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on being hamstrung May 26, 2009

Posted by That Guy in Management, Technology Trouble, The Two-Year-Old.
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One of the things our CorporateSpeak office does is run a feed service that pulls in articles and sends them out to our clients who want news feeds on their sites. One of my jobs is to cherry-pick from our various branches and include the articles in client feeds.

A model in a fashion show. (Photo by Ben Yeoh)

A model in a fashion show. (Photo by Ben Yeoh)

I found an interesting article on Friday posted by one of our clients on their company blog about a fashion contest they held. At the contest, one of the entrants chose not to wear underwear and was photographed without it. A photo with her nether regions showing appeared on another website. Anyway, long story short, the client said “you signed the indemnity agreement, so it’s entirely your fault. Tough it out.” The woman, however, is in a position of some visibility at her office and is concerned about her image.

Given that web traffic often increases when stories about animals, children, and attractive women are posted (and this woman was attractive), I thought the story would be good to put on our own site’s feed — we maintain a small news feed as part of our promotional material.

The story was up for about six hours; the moment the Two-Year-Old saw it in our top pages of the day report, she decreed it to be completely removed from all feeds. Which was done.

Today I checked our traffic reports; the story was the second-most-viewed thing on any of our sites, and on the website where it originated, they received 300,000 page views (we got about 4,000). It was also the most-viewed video of the day on our video CMS, and the fourth-most-viewed video of the week. Pretty good for only being on the site for six hours.

I put the story up to drive traffic to our site. It did that. People saw our ads — video pre-rolls and banners. They may have clicked them. Money may have been made because of that story; I know our client made some. But because the Two-Year-Old happens to have two nieces the same age as the young woman in the story, she was particularly affected by it and ordered it eliminated. I imagine if the story had come from one of our other branches, instead of a client site, she would’ve been on the phone to her peer over there and had it taken down (the Two-Year-Old is a very powerful person in our company, and can order almost anyone around, including — I think — my Big Boss).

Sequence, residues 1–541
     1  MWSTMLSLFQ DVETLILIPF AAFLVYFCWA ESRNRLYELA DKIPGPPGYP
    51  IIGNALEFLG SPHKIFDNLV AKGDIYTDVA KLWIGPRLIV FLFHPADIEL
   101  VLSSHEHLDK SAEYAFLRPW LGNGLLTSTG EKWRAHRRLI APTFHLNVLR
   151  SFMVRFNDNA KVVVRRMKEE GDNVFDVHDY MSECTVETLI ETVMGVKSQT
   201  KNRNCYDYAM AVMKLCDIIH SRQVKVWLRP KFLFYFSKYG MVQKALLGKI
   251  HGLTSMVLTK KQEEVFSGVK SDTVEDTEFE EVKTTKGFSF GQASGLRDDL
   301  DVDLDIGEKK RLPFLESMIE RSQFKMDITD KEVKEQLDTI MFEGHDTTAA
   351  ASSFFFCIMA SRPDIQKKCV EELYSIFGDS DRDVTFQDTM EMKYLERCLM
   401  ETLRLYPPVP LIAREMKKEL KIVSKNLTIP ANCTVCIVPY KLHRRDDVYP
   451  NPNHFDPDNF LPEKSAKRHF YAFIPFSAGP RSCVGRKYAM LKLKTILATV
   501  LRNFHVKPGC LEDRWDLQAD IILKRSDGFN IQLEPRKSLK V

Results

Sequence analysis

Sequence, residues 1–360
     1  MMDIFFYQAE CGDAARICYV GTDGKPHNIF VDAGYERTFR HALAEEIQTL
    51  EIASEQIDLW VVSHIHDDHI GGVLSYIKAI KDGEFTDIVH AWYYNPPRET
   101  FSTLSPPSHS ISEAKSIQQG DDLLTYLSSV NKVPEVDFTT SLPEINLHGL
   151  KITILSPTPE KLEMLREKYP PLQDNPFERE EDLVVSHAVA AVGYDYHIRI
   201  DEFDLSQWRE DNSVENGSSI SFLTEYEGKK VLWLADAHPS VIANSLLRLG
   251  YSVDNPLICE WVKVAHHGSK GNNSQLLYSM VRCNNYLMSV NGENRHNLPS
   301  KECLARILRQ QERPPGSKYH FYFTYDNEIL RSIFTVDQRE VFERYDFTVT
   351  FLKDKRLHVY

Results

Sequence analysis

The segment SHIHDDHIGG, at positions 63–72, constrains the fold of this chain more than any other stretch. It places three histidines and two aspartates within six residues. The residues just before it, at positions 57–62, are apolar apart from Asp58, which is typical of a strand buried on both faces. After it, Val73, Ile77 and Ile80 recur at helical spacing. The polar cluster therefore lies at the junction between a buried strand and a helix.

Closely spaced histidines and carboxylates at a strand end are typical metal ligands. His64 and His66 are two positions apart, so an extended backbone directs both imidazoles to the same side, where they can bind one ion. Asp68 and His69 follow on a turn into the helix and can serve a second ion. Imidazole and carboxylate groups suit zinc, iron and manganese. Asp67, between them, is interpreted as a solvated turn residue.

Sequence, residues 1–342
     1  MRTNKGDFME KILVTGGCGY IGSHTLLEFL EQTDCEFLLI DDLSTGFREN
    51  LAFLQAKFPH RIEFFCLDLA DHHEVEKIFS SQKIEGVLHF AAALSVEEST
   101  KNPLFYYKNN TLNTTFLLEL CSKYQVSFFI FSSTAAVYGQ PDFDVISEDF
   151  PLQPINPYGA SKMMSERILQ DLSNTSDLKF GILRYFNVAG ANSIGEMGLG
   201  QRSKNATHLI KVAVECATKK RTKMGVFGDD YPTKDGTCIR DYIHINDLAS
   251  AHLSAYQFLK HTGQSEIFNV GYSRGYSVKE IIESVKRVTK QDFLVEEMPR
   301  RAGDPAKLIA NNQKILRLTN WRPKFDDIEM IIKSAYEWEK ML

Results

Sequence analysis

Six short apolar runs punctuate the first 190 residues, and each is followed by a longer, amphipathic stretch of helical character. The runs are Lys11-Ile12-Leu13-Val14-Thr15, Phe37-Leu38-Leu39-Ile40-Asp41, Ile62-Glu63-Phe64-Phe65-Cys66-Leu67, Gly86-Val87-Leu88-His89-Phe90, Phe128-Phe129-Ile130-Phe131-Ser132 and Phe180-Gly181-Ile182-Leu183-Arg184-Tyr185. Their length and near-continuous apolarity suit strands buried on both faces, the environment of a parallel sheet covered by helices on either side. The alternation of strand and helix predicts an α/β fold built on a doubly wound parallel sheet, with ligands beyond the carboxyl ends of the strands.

I just don’t understand it: companies want to grow their web business, but managers refuse to comprehend that you have to be edgy on the web sometimes — and if the option to be edgy without it being your “fault” falls into your lap, you have to take it. I mean, the most popular post ever on CorporateSpeak is The Facebook Babe — maybe because there’s a picture of two women in bikini tops? I don’t know.

Boobs sell. Cute kids sell. Puppies and kittens sell. Wardrobe malfunctions definitely sell. Just, apparently, not around here. Because we really don’t want to grow our web business; we just want upper management to think we do.

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This post marks the addition of a new category, “The Two-Year-Old”, because it seems like an awful lot of my posts are about things she does that make no sense.

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Comments»

1. casaeva - May 28, 2009

It sounds like you’re saying that whether or not it has any relevance to the content and purpose of the site, people should stick pics of half-naked women and baby animals on their site just to increase traffic. I agreed with your rant about marketing people but this “theory” is about 100 times worse than any brainchild to ever come out of a marketers head.


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